• Hepseba ALHH

    Fantasy is the opportunity to explore new places and what-if’s. It is the chance to make real something strange or frightening or subconsciously powerful and explore it directly, interact with it. Fantasy is possibility and wonder.

    Hmmm, perhaps not useful from a site-redesign perspective. Fantasy is literature with a strong component of awe and/or wonder from the perspective of the reader, coupled with may a dash or two of suspension-of-disbelief.

    Of course, a lot of this applies to science (not just science fiction) too.

    In terms of the future, I firmly believe that, while “gritty realist” fantasy has been really taking off lately, a centrally important aspect of fantasy is it’s ability to explore morality and to help guide (through exposure to lots of what-if’s) one’s moral development. (though I’m not sure if I’ve phrased that quite right.)

  • Blend genres, and adding a dash of the impossible, but the impossible that *is* possible if I do my job right.

    Myth and Mayhem. Mystery. Justice. The evolution of the human mind. The journey into a better or worse place. Reaping what my characters sow. With that dash of the impossible.

  • Monique

    I would agree with David’s comment — if the “magic” is explained in the context of the story using science, then it’s sci-fi, and if there’s an unexplained leap from person to frog, it’s magic.

    Tangential to the subject, I would really like to see an article from one of the esteemed contributors discussing the current industry usage of sub-genres. People keep asking me what sub-genre I work in, and I’m honestly a bit baffled by the labels.

  • Monique, we all think that’s a great idea. Misty will take a shot at it in a couple of weeks. And the rest of us have agreed to join in with a spirited discussion. 🙂 Really. That’s I’m calling it!

  • I was just in a discussion with a fellow writer who was advocating the writing of fantasy stories “without magic”. (The reason for this writer’s challenge was a perceived disapprobation of his religious beliefs for even contemplating the idea of magic; a stance which I, as a fantasy writer and a religious person both, found confusing and troubling.)

    This lead, in part, to a discussion of whether or not a story that lacked magic, or some element of the supernatural, could even be considered Fantasy in the first place…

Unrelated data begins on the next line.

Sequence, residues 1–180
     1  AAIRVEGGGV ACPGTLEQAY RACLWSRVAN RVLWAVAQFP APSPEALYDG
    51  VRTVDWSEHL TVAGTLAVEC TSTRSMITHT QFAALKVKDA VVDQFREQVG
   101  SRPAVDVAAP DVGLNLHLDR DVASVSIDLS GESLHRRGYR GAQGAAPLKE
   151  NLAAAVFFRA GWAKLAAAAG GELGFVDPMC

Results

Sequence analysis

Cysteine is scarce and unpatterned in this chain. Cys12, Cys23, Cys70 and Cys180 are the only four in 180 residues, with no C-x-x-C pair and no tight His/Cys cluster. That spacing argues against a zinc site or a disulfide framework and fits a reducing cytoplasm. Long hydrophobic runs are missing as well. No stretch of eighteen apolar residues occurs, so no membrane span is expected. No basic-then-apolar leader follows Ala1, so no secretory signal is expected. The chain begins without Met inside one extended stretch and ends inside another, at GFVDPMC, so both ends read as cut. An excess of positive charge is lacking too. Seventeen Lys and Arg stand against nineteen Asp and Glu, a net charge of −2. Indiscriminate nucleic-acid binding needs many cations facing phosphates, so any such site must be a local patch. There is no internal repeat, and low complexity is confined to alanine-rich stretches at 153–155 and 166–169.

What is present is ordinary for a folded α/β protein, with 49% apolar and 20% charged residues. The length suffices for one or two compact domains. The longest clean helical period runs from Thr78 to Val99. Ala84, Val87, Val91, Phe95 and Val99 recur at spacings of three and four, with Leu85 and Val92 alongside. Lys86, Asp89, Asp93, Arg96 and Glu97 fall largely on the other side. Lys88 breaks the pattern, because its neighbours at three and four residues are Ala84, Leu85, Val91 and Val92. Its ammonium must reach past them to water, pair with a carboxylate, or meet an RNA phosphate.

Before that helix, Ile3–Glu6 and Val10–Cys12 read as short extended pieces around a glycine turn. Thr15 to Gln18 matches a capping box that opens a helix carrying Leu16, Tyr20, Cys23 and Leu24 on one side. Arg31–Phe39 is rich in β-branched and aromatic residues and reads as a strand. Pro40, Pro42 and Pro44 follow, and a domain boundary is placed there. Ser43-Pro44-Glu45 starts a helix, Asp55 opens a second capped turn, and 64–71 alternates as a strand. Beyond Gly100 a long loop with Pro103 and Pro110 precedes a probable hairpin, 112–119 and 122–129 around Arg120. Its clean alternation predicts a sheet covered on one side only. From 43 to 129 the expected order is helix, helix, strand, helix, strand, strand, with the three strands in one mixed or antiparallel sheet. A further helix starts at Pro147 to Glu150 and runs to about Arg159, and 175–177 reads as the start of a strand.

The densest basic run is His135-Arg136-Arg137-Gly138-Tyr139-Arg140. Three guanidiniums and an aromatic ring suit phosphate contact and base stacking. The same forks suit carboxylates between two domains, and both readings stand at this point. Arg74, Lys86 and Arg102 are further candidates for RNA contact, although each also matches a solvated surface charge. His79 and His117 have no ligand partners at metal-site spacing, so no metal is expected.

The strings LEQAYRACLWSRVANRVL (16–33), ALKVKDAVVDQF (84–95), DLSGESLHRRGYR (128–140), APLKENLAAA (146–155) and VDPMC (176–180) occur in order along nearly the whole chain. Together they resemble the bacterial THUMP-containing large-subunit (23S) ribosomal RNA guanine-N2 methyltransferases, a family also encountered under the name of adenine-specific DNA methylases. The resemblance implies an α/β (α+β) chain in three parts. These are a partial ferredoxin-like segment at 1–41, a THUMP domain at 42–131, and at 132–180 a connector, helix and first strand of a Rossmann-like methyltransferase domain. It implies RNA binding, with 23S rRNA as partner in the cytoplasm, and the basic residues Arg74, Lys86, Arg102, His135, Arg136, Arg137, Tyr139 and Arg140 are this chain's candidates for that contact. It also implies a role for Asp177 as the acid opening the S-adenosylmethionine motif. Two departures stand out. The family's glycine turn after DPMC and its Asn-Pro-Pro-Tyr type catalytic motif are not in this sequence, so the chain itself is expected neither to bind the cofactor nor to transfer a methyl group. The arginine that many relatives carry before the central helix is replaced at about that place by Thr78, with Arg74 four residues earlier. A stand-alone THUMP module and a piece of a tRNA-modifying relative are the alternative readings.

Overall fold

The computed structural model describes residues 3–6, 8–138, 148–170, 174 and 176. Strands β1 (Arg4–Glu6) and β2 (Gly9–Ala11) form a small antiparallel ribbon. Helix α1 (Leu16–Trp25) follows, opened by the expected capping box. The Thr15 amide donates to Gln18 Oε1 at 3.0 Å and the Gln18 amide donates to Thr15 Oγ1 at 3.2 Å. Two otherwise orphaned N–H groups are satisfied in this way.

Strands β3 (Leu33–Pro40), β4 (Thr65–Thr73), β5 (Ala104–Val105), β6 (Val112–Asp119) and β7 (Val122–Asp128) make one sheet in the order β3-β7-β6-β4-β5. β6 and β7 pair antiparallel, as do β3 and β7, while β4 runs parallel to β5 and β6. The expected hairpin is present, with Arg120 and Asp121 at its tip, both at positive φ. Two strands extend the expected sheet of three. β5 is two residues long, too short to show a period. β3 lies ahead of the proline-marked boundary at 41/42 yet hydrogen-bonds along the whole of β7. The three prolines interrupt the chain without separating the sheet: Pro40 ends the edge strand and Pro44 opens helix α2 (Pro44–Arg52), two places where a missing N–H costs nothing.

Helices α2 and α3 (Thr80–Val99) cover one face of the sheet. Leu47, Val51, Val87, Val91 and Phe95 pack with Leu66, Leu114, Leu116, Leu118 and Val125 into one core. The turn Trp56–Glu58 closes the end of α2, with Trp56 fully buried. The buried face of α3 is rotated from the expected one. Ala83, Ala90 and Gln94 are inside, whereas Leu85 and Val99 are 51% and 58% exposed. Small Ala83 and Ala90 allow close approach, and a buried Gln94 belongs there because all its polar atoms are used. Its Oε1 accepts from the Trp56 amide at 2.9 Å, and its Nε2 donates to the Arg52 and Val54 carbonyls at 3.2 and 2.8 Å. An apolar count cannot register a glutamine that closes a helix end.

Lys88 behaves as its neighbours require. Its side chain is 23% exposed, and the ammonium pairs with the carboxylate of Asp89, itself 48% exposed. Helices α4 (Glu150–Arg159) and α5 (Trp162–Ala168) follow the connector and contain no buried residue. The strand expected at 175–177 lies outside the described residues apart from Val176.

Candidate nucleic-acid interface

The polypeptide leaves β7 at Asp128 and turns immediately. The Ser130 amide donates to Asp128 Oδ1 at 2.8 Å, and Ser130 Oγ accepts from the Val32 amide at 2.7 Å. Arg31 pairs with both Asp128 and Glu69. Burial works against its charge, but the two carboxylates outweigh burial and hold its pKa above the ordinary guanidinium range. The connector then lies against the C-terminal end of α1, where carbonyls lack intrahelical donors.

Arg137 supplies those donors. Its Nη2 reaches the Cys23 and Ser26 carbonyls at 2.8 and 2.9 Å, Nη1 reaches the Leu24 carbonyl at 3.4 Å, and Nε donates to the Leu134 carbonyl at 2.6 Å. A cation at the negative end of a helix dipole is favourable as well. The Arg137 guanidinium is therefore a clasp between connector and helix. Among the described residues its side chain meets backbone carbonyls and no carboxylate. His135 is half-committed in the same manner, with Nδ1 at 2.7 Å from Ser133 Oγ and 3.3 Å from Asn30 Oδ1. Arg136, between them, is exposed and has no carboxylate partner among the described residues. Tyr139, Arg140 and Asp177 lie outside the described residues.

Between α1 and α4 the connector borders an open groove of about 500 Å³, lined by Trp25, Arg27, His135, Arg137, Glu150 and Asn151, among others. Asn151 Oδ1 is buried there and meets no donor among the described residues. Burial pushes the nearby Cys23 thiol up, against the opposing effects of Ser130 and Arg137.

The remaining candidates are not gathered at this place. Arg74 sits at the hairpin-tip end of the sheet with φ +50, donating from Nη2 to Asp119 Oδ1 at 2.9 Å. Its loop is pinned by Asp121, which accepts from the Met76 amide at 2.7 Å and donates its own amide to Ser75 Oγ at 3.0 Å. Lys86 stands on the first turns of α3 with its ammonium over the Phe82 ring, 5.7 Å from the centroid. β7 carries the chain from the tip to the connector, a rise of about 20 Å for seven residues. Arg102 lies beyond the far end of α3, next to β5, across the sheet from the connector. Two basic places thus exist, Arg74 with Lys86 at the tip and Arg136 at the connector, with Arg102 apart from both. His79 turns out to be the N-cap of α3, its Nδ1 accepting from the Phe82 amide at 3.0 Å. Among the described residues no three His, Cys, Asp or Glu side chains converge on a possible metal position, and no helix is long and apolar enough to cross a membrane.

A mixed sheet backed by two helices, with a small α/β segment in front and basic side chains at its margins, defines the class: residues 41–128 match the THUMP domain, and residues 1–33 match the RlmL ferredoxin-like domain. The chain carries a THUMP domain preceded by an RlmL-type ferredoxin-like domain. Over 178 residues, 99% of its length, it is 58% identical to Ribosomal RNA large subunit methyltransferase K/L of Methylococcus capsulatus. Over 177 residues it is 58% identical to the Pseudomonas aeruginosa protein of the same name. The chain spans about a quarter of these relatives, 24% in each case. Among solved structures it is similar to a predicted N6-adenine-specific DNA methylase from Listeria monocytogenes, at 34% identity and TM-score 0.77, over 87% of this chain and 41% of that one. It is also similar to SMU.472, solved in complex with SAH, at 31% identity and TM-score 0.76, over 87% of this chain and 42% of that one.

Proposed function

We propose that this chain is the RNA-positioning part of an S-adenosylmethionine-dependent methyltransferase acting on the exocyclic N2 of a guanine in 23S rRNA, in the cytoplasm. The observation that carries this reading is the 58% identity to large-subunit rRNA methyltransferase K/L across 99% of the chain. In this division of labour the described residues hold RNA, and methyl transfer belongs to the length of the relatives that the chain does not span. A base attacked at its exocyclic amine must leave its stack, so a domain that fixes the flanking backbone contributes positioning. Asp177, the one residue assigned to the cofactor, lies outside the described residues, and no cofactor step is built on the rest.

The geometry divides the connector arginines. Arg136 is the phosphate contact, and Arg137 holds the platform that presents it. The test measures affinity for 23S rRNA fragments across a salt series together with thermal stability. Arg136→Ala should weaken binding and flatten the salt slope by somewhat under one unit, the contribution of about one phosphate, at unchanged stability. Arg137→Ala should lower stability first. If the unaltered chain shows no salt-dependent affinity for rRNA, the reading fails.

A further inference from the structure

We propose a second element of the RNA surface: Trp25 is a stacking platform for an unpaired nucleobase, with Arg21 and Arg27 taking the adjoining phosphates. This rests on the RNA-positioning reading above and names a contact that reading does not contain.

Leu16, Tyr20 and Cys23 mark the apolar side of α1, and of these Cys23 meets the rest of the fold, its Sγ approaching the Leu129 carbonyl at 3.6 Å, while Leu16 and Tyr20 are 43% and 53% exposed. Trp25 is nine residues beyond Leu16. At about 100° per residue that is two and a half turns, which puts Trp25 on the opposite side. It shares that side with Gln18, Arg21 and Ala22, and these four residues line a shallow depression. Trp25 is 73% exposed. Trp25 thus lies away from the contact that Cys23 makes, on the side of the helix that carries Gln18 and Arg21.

My conclusion: Fantasy is stories where the magical, the supernatural, the divine, the numinous, or the mythological somehow inflect or touch upon the story. If it lacks this element, then I would be hard-pressed to call it Fantasy.

    That said, while I consider myself a Fantasy writer, I’m a fan of Speculative Fiction more generally – that being the definition of Spec Fic that treats it as inclusive of all Fantasy, Sci Fi, and related genres and subgenres.

  • I believe the term Fantasy has become so broad that it is almost useless for defining a genre. That’s why we have to have “sub-genres” now. The purpose of a word is to get across an idea. If that word means different things to everyone who hears it, it isn’t communicating an idea any more.

    When I think of fantasy, I stick pretty close to definition #2 that Misty presented at the beginning of her article. The story needs to involve supernatural forces and/or creatures.

    As for sub-genres, one of my concerns has been how authors are starting to describe their stories as a blend of sub-genres. I wrote an article about this subject on my blog (www.danielrmarvello.com/archive/2011/06/11/genre-confusion.aspx). The bottom line of the article is that I think characterizing your novel as a YA/Urban Fantasy/Romance is alienating potential readers from *all* of the sub-genres you list.

  • Razziecat

    Stephen, I really like your definition of fantasy. And to your friend, I would pass along this quote from one of Katherine Kurtz’s Deryni novels: “How odd that most people did not think of their religion as magic.”

  • Tom G

    I find it odd that so many (if not everyone) thinks that magic and/or mythical creatures are required to make a story a “fantasy.”